The concept of masculinity and femininity varies from place to place. But men are always considered as strong and powerful and women as weak and submissive. Men are always demanded to be hard-hearted and merciless otherwise they will be a joke for the society. It can be depicted in the story by George Orwell. This story gives a true picture of how men always react to situations according to the norms even if they don’t want to behave in a particular way. The concept of masculinity or femininity started to change in late 19th and early 20th century.
World War I began in 1914 and lasted until 1918. It was a conflict between central powers consisting of countries like Austria-Hungary, Germany, the Ottoman Empire and Bulgaria and allied powers like Romania, Great Britain, Italy, France, Japan, and the USA. When the war broke out America remained neutral, but when it became hard for the USA to stay neutral, America declared war. It was the time when The United States sent millions of soldiers to war. “I didn’t raise my boy to be a soldier” was a song released in 1915. It was a cry of every mother in USA who was opposing US participation in the war. On the other hand, militarists including American President Theodore Roosevelt replied to the popular song and said that the song should be “I didn’t raise my daughter to be a mother.”
The first movement of feminism can be traced back to 1840, but it started to gain prominence in the United States and Europe in the 20th century. US participation in World War I was an important event which changed the concept of masculinity and femininity. The reply to the famous song depicts that people of men of USA wanted women to be strong and brave. In the past the general perception of people about women was that women are weak and sensitive, they are the delicate creature of nature. On the other hand, the qualities of the male are strong, tough and passionate. The event of World War I compelled the women to change their attributes of being weak and emotional. The war not only changed the general characteristics of female only but of men also Leo Braudy in his book was of the view that in the past the fights used to be different where men used to fight face to face with swords.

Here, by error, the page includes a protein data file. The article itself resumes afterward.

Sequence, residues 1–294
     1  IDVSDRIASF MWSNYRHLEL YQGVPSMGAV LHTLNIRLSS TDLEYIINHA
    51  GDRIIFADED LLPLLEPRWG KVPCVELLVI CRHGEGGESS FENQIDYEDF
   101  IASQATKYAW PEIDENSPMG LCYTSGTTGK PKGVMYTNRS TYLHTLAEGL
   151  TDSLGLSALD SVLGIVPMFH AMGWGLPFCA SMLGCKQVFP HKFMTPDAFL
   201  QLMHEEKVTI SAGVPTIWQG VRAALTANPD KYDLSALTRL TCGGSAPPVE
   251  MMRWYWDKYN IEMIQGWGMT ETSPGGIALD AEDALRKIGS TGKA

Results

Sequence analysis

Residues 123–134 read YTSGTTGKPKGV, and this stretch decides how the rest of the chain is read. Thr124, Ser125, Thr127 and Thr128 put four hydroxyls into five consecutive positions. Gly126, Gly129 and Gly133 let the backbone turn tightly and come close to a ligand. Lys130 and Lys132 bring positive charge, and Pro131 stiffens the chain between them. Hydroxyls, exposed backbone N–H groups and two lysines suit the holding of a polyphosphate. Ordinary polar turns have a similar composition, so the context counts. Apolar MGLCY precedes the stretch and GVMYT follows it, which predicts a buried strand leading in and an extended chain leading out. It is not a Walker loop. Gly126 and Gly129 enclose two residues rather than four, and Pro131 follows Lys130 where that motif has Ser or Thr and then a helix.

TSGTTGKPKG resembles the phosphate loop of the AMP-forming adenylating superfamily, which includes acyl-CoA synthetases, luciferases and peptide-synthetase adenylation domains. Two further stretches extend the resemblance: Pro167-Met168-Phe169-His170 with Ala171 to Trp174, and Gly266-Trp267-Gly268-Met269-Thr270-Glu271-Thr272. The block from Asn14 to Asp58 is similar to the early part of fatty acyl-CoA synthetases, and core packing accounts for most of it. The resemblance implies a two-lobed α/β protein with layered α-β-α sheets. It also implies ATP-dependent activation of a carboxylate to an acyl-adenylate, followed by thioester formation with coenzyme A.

Now with the use of guns and artillery has changed the meaning of fight which was once associated with honor. World War I changed masculinity or femininity also when women started working in the industries. This was the event which changed the concept that women are only capable of staying at the house and look after their family. World War 1 was an event which gave women of the west opportunity to work and earn for their families. It changed the whole social-cultural and economic system of Europe and The United States. In west women started to raise their voice for equal rights and were successful in achieving the right to vote. So it will not be wrong to consider World War I as an event which changed the concept of masculinity and femininity.
Braudy, Leo. From Chivalry to Terrorism: War and the Changing Nature of Masculinity. Vintage, 2010.
Krolokke, Charlotte, and Anne Scott Sorensen. “Three Waves of Feminism: From Suffragettes to Grrls.” Gender Communication Theories & Analyses: From Silence to Performance, 2006, 1–25.
Orwell, George, Ari Kernerman, and Ari Kernerman. Shooting an Elephant. Yehud Comprehensive High School, 1969.
Spence, Janet T., and Robert L. Helmreich. Masculinity and Femininity: Their Psychological Dimensions, Correlates, and Antecedents. University of Texas Press, 1979.
- George Orwell, Ari Kernerman, and Ari Kernerman, Shooting an Elephant (Yehud Comprehensive High School, 1969). ↑
- Charlotte Krolokke and Anne Scott Sorensen, “Three Waves of Feminism: From Suffragettes to Grrls,” Gender Communication Theories & Analyses: From Silence to Performance, 2006, 1–25. ↑
- Janet T. Spence and Robert L. Helmreich, Masculinity and Femininity: Their Psychological Dimensions, Correlates, and Antecedents (University of Texas Press, 1979). ↑
- Leo Braudy, From Chivalry to Terrorism: War and the Changing Nature of Masculinity (Vintage, 2010).